Neurology Intraoperative Monitoring (IOM) Service
Our mission is to provide an exceptional health care service to medical practitioners through professionalism, competence and responsiveness, resulting in superior patient outcomes.
Intraoperative Neurophysiologic Monitoring is a complex field with multiple domains which demand a broad range of faculty expertise. Research, teaching, and clinical activity encompass numerous specialty fields including: neurosurgery, orthopedic surgery, endovascular, pediatric surgery, cardiovascular surgery and neurourology surgery. The establishment of the Neurology IOM Department has permitted growth in all the domains of surgery and will provide teaching opportunities and research activity; which has enriched the quality of patient care, education and research.
What is the purpose of Intraoperative monitoring?
The IOM service provides a number of services to hospital physicians and their patients. IOM helps prevent dysfunction of the brain, cranial nerves, spinal cord and peripheral nerves during certain types of surgeries. IOM can also facilitate mapping of the cortex and spinal cord. IOM is suggested for cases in which surgical complications may cause a loss of neurological function, such as surgery of the spine, brain and nerve plexus. The use of neuromonitoring can assist in preventing or reversing loss of function. Suggested cases that use IOM include:
- surgery of the aortic arch, its branch vessels, including carotid artery surgery, when there is risk of cerebral ischemia
- resection of epileptogenic brain tissue or tumor
- Thoracic Aneurysm
- resection of brain tissue close to the primary motor cortex and requiring brain mapping distinguishing Sensory vs Motor Cortex
- protection of cranial nerves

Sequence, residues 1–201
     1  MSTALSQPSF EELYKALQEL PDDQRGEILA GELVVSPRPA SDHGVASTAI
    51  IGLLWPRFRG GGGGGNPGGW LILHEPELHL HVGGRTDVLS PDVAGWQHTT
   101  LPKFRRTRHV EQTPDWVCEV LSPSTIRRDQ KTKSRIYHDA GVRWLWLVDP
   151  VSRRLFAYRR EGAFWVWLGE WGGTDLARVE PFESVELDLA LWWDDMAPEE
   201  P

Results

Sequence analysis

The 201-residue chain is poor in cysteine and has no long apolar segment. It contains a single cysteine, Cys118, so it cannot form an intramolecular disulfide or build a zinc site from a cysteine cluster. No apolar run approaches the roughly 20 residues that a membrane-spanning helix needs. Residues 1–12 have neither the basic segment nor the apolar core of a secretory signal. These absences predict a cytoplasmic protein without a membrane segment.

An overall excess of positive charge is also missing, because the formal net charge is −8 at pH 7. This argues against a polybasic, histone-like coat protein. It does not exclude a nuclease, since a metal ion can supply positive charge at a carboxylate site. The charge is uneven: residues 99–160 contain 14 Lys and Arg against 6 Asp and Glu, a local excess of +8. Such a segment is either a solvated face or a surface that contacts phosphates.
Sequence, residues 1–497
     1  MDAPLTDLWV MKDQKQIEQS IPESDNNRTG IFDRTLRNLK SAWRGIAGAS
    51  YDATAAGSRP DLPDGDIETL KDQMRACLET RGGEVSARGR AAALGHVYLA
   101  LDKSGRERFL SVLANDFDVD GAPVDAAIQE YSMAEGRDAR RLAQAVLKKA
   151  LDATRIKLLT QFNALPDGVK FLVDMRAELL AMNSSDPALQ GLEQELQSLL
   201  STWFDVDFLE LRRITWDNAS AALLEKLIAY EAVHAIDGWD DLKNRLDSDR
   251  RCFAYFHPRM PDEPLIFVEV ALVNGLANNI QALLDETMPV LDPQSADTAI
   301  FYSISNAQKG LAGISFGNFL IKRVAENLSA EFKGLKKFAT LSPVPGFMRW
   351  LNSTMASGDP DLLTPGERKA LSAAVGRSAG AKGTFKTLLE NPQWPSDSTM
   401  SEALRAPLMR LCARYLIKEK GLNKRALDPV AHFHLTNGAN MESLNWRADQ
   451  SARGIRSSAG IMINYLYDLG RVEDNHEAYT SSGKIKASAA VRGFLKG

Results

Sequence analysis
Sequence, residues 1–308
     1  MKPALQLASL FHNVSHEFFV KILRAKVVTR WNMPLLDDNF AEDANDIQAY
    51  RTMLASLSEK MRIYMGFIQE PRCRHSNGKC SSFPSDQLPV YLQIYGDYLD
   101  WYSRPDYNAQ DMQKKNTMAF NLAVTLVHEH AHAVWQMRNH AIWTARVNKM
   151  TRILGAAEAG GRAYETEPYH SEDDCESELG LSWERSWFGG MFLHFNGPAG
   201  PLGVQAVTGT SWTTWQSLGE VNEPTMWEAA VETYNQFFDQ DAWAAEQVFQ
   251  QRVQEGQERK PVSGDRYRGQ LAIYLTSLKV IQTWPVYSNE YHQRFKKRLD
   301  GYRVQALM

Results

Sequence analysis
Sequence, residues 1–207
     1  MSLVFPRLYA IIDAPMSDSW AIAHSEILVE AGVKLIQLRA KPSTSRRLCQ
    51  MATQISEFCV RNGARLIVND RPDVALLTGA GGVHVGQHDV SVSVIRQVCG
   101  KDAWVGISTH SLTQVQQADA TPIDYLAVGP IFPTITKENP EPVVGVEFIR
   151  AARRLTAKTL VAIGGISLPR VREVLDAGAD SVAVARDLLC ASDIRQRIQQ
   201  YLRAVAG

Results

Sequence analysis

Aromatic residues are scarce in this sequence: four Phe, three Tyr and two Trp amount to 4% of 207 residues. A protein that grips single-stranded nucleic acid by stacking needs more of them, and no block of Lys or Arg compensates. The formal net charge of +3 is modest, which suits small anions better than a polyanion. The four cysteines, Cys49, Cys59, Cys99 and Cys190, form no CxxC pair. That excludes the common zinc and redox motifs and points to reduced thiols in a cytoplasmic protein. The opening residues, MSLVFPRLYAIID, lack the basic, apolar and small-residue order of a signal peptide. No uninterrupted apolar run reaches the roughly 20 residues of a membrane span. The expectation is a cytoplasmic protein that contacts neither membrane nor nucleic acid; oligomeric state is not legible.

- tumors that affect optic, trigeminal, facial, auditory nerves
- cavernous sinus tumors
- microvascular decompression of cranial nerves
- correction of scoliosis or deformity of spinal cord involving traction on the cord
- protection of spinal cord where work is performed in close proximity to cord as in the placement or removal of old hardware or where there have been numerous interventions.
- Myelopathic spinal cords
- spinal instrumentation requiring pedicle screws or distraction
- decompressive procedures on the spinal cord or cauda equina carried out for determined myelopathy or claudication where function of spinal cord or spinal nerves are at risk
- spinal cord tumors
- neuromas of peripheral nerves of brachial plexus, when there is risk to major sensory or motor nerves
- surgery or embolization for intracranial AV malformations
- surgery for arteriovenous malformation of spinal cord
- cerebral vascular aneurysms
- surgery for intractable movement disorders
- arteriography during which there is a test occlusion of the carotid artery
- circulatory arrest with hypothermia [does not include surgeries performed under circulatory bypass (e.g., CABG, ventricular aneurysms)]
- distal aortic procedures, where there is risk of ischemia to spinal cord
- leg lengthening procedures, where there is traction on sciatic nerve or other nerve trunks
- traumatic injury to the pelvis and sacrum
- surgery as a result of traumatic injury to spinal cord/brain
To learn more, please call 763-6569